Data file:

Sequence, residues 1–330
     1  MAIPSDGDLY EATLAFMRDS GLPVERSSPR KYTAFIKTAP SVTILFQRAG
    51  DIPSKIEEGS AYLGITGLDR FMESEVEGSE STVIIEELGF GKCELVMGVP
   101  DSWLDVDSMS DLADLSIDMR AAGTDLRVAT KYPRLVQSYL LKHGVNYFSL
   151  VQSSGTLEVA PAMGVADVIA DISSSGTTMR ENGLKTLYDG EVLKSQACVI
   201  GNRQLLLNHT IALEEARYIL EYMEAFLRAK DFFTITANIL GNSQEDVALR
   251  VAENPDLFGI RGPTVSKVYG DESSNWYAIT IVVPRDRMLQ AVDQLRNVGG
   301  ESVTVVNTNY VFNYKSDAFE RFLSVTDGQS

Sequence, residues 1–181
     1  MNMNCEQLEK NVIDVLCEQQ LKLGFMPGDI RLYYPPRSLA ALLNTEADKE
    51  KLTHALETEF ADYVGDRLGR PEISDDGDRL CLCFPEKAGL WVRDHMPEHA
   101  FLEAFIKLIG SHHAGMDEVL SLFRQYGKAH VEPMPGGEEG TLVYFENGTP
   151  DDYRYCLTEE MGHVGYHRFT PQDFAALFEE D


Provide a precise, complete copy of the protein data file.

Sequence, residues 1–330
     1  MAIPSDGDLY EATLAFMRDS GLPVERSSPR KYTAFIKTAP SVTILFQRAG
    51  DIPSKIEEGS AYLGITGLDR FMESEVEGSE STVIIEELGF GKCELVMGVP
   101  DSWLDVDSMS DLADLSIDMR AAGTDLRVAT KYPRLVQSYL LKHGVNYFSL
   151  VQSSGTLEVA PAMGVADVIA DISSSGTTMR ENGLKTLYDG EVLKSQACVI
   201  GNRQLLLNHT IALEEARYIL EYMEAFLRAK DFFTITANIL GNSQEDVALR
   251  VAENPDLFGI RGPTVSKVYG DESSNWYAIT IVVPRDRMLQ AVDQLRNVGG
   301  ESVTVVNTNY VFNYKSDAFE RFLSVTDGQS

Sequence, residues 1–181
     1  MNMNCEQLEK NVIDVLCEQQ LKLGFMPGDI RLYYPPRSLA ALLNTEADKE
    51  KLTHALETEF ADYVGDRLGR PEISDDGDRL CLCFPEKAGL WVRDHMPEHA
   101  FLEAFIKLIG SHHAGMDEVL SLFRQYGKAH VEPMPGGEEG TLVYFENGTP
   151  DDYRYCLTEE MGHVGYHRFT PQDFAALFEE D